The houses are nevertheless amazing. The Pearlman Mountain Cabin, 1957, is a music lover’s fantasy of a glass music room surrounded entirely by trees: the circular pavilion contains a grand piano, a few easychairs and virtually nothing else. The iconic Chemosphere, 1960, is a cylindrical pod set on a central concrete pillar containing all the services. Located on an impossibly steep plot looking out over the San Fernando valley in LA, it can only be reached by funicular railway. The Elrod House, 1968, a concrete pavilion on a rocky outcrop above Palm Springs, is half mountain, half house with the main living area open to the elements overlooking the city. This sensational home, more a theatre set than a house, was the location of a memorable scene from the Bond movie Diamonds Are Forever, 1971, a fact that both made the house world famous, but also—in the view of the architect—detracted from its seriousness.
Lautner’s work extended briefly to a few public realm projects. Despite his longstanding antipathy to LA (‘junkland’), he saw it as a laboratory of new forms of living. In the 1940s he designed a number of drive-in restaurants for the Henry’s chain which show an imagination of the highway as a social space, a genuine compensation for the lack of traditional streets and squares in the city: spectacular, generously proportioned and sociable, they evidence a genuine attempt to find a new social architecture in a city that had none. Mostly, however, Lautner’s houses are nothing if not anti-social, built for clients with an unquestionable need for privacy; hidden in their landscapes, they’re hard to find; and they turn the surrounding city into a distant spectacle, a skyline of mountains or office towers safely removed. There is no sense of engagement with the urban except as a visual spectacle.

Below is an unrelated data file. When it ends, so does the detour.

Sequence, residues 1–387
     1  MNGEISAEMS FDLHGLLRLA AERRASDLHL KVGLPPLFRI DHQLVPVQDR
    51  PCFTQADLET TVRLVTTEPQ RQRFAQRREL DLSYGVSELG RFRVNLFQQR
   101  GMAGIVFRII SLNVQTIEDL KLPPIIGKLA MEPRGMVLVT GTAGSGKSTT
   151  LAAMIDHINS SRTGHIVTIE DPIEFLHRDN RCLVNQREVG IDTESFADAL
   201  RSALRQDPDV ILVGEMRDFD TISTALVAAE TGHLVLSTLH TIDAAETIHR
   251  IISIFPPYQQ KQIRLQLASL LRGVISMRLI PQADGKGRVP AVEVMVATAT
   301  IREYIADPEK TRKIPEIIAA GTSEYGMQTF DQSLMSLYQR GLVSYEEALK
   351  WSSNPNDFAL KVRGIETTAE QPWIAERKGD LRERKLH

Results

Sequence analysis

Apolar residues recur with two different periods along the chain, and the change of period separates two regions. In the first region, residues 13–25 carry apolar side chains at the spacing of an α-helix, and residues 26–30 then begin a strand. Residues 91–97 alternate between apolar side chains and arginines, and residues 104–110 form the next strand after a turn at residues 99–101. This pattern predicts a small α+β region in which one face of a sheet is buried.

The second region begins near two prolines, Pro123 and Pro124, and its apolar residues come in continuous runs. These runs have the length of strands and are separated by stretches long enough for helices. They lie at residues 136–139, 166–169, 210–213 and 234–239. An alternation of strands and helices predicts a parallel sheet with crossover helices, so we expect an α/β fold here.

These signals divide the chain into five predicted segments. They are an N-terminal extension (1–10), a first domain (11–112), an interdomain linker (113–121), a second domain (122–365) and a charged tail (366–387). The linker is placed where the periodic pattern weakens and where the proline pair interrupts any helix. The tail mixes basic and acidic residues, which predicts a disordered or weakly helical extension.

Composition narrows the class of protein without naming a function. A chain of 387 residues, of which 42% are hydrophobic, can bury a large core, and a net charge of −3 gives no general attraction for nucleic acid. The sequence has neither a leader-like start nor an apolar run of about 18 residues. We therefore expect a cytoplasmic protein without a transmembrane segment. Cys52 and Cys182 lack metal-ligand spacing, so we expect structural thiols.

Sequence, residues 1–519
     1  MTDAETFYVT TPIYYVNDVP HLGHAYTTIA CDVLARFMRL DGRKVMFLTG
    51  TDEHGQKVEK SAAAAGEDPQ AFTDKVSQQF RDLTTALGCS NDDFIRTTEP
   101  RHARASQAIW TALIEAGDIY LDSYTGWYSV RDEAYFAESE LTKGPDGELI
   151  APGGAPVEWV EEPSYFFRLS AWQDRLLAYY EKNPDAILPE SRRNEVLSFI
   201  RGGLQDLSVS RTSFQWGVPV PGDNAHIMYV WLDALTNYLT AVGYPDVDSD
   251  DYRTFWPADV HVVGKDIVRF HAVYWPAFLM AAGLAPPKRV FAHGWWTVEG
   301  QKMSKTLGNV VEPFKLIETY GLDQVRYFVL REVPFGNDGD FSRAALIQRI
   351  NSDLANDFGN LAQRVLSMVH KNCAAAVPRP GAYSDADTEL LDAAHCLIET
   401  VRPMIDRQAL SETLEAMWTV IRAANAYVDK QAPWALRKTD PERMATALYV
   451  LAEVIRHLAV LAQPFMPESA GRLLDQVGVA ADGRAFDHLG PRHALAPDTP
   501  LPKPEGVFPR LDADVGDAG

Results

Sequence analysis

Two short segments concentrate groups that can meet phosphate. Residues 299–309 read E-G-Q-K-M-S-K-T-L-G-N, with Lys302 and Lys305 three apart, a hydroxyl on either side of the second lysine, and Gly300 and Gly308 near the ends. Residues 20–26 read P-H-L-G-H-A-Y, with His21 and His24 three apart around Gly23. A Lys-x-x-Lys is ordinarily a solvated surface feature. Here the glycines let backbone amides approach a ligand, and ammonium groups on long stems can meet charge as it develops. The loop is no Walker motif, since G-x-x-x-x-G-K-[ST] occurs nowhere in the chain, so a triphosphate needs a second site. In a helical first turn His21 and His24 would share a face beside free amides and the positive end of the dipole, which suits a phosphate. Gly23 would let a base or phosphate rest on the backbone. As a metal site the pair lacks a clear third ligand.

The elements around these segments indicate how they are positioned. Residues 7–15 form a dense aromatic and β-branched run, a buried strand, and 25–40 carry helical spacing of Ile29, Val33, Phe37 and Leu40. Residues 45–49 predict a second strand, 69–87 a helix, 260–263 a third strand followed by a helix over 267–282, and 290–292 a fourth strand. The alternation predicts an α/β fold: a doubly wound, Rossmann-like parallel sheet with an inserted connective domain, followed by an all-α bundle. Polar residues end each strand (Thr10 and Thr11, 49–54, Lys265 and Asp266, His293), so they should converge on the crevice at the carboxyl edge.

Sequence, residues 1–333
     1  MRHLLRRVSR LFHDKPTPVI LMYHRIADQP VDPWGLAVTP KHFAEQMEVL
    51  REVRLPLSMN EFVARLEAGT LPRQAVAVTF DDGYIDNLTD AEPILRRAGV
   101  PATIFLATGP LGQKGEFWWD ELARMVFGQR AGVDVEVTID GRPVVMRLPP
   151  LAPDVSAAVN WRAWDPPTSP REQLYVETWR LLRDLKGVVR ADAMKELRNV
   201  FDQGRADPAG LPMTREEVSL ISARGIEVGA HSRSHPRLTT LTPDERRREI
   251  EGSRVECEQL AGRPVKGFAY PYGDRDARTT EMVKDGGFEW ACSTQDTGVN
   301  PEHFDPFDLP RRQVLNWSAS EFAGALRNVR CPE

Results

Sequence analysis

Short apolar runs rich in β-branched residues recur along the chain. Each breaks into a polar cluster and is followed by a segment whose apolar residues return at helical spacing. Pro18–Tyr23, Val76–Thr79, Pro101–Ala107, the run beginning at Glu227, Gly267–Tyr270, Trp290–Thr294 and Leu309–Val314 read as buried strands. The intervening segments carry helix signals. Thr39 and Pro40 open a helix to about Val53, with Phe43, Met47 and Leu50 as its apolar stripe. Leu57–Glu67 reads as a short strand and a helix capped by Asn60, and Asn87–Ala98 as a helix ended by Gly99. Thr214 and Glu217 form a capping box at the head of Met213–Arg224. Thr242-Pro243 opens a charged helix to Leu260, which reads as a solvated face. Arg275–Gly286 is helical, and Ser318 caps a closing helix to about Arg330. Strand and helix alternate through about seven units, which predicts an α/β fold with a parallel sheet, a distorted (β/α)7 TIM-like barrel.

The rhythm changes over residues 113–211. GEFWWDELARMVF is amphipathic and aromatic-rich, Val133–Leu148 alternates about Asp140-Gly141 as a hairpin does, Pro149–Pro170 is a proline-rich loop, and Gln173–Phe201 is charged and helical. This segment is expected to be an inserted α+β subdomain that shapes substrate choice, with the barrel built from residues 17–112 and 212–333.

In social terms, a sense of order predominates—there are little voyeuristic jokes here and there, such as a swimming pool built with a transparent floor above
a master bedroom, but in general these are houses that suppose an ordered bourgeois life—you sleep here, you have cocktails with friends over there, you read there and over here you have dinner parties. The curators of the exhibition are anxious to reiterate this view, affirming the seriousness of the architect—this is, they argue in this exhibition, a serious designer, dealing with big ideas, imposing order on the world.
Yet the best part of the show, a clutch of films by Murray Grigor, foreground this anxiety: panning evenly through the perfect, sunlit interiors of these houses, they point up their inherent fantasies of control. As the camera alights momentarily on each individual element, we realise how unrealistic they are, how much they are stage sets, how their perfection really demands that no person inhabit them and ultimately how the vision of advanced sociability fails. That’s not to condemn these extraordinary houses—far from it—but to say that they belong in the realm of art. It is their existence as fantasy, not as living spaces, that is their real value.
Richard Williams is a writer and lecturer in history of art at the University of Edinburgh